• The plurality of rotor arms 1 can be arranged symmetrically with respect to a center of the base 2 or an axis of the base 2. The plurality of rotor arms 1 can have the same length and extend to the same vertical height with respect to the base 2. The number of the rotor arms 1 can be three to six. In one embodiment, the supporting assembly 100 comprises four rotor arms 1 symmetrically extending from the base 2 in four different directions. The four rotor arms 1 can be respectively secured to the side walls of the base 2 and adjacent to the four corners of a rectangular shaped bottom board of the base 2. In another embodiment, the supporting assembly 100 comprises six rotor arms 1 symmetrically extending from the base 2 in six different directions.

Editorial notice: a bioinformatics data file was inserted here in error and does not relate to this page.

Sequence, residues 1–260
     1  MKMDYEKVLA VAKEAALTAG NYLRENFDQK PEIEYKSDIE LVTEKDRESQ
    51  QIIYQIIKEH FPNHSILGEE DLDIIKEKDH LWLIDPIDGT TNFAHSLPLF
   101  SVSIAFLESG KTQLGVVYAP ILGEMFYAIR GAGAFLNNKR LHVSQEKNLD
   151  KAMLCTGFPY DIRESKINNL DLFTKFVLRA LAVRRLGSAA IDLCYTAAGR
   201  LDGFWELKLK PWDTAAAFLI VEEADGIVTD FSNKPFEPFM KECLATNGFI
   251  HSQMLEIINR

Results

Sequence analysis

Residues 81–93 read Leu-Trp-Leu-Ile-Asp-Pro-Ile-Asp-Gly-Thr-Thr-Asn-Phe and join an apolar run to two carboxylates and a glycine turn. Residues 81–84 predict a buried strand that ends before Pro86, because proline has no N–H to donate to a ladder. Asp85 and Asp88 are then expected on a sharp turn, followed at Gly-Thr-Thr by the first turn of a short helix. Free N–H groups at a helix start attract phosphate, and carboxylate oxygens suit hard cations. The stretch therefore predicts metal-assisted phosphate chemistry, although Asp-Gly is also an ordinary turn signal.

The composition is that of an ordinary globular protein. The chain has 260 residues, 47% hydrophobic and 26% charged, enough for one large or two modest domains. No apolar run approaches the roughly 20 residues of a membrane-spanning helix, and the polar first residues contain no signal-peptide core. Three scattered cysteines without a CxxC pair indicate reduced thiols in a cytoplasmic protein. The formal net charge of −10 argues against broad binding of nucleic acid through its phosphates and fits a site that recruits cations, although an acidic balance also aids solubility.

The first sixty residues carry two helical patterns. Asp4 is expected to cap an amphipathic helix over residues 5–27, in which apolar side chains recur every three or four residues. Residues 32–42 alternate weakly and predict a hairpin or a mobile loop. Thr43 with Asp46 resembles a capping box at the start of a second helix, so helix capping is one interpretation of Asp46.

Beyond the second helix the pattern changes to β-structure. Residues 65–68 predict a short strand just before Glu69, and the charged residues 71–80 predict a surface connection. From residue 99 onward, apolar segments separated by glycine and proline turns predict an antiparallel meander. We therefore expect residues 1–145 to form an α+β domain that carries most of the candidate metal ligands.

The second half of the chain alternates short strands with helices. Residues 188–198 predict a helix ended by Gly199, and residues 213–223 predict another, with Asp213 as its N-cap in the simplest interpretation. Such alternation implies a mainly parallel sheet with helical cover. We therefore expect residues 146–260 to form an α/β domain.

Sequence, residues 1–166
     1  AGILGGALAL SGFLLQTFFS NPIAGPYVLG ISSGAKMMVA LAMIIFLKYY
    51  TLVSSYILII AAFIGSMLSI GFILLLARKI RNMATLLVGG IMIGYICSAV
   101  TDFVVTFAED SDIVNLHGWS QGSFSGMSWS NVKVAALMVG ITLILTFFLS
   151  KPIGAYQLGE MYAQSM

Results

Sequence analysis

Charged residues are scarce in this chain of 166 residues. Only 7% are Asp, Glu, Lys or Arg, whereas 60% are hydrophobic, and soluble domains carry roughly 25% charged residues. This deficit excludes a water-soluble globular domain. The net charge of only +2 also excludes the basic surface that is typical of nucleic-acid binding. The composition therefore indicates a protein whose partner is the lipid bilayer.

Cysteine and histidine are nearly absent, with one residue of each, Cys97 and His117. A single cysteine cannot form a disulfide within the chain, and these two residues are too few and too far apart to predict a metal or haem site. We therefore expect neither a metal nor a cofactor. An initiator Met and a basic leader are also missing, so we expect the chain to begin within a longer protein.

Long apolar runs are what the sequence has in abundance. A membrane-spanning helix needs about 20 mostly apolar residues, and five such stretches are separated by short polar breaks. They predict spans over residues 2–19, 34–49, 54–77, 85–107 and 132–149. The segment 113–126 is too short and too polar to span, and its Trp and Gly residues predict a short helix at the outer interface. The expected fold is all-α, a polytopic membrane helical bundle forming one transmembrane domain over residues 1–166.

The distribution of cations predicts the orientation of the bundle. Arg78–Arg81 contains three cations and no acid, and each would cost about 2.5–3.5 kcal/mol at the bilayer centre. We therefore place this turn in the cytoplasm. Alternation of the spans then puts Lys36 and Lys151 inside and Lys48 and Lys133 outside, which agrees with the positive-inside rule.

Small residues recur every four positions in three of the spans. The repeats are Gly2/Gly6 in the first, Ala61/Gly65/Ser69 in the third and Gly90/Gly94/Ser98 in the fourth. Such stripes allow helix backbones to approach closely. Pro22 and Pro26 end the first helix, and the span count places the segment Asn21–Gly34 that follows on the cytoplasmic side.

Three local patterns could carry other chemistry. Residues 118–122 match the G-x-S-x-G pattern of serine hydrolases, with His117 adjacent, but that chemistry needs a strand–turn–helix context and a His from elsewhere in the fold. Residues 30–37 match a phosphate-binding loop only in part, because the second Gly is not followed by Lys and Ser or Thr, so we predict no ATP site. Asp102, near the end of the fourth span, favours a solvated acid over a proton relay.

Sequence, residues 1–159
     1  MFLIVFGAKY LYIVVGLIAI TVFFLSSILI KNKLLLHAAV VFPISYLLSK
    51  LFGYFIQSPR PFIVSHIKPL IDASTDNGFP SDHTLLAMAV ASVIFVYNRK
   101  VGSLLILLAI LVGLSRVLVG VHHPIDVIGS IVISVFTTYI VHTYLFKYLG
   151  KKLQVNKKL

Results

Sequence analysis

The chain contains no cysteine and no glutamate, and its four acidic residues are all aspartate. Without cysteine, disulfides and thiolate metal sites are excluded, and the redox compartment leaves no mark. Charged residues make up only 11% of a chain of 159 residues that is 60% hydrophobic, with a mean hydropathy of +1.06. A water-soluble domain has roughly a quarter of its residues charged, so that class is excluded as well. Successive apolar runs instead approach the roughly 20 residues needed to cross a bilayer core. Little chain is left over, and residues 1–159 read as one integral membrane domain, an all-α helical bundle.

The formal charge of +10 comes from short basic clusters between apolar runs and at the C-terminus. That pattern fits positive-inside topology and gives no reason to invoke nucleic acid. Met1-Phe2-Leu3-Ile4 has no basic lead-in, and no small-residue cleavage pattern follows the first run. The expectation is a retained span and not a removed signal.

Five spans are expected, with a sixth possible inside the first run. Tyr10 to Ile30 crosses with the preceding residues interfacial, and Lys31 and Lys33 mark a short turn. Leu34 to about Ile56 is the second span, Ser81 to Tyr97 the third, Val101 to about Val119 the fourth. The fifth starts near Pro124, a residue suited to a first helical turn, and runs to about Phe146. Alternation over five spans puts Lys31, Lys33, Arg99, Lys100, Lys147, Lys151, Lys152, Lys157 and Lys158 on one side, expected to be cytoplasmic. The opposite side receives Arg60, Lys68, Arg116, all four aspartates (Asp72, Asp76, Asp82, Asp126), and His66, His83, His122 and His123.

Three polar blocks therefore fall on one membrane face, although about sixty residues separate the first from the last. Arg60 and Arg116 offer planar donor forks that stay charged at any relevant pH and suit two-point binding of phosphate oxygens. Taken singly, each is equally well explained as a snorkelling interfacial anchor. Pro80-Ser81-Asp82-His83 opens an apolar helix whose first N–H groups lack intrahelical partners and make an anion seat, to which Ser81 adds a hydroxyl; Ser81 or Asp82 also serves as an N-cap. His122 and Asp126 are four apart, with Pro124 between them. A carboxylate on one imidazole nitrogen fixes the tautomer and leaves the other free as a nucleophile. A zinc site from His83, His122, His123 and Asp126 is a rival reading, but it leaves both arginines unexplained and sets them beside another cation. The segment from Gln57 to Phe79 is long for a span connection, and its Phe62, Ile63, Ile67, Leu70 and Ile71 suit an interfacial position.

• The rotor arm 1 can define a wiring channel extending inside the rotor arm 1 from the proximal end to the distal end and communicate with the interior space of the base 2 through holes defined in the side walls of the base 2. The wiring channel is adapted to accommodate electrical wiring running therethrough to connect a motor adjacent to the distal end with the electrical component carried on the base 2. The rotor arm 1 comprises an arm body. In one embodiment, the arm body comprises two sloping roofs 12 joined at a top edge and sloping down and away from each other to define the wiring channel between the two sloping roofs 12. The rotor arm 1 can further comprise one or more beams 10. The one or more beams 10 can be substantially perpendicular to the extending direction of the arm body inside the wiring channel. In one embodiment, the one or more beams 10 support the two sloping roofs 12. The beams 10 are configured for enhancing the strength of the rotor arm 1, so as to increase reliability and lifespan. The beams 10 can be spaced from each other and located at different locations along a length or extending direction of the rotor arm 1. The beam 10 can have a cutout at its middle portion spaced from the two slopping roofs 12. The electrical wiring can run through the wiring channel below or through the cutout of the beam 10. The plurality of rotor arms 1 can be integrally formed with the base 2 as one piece.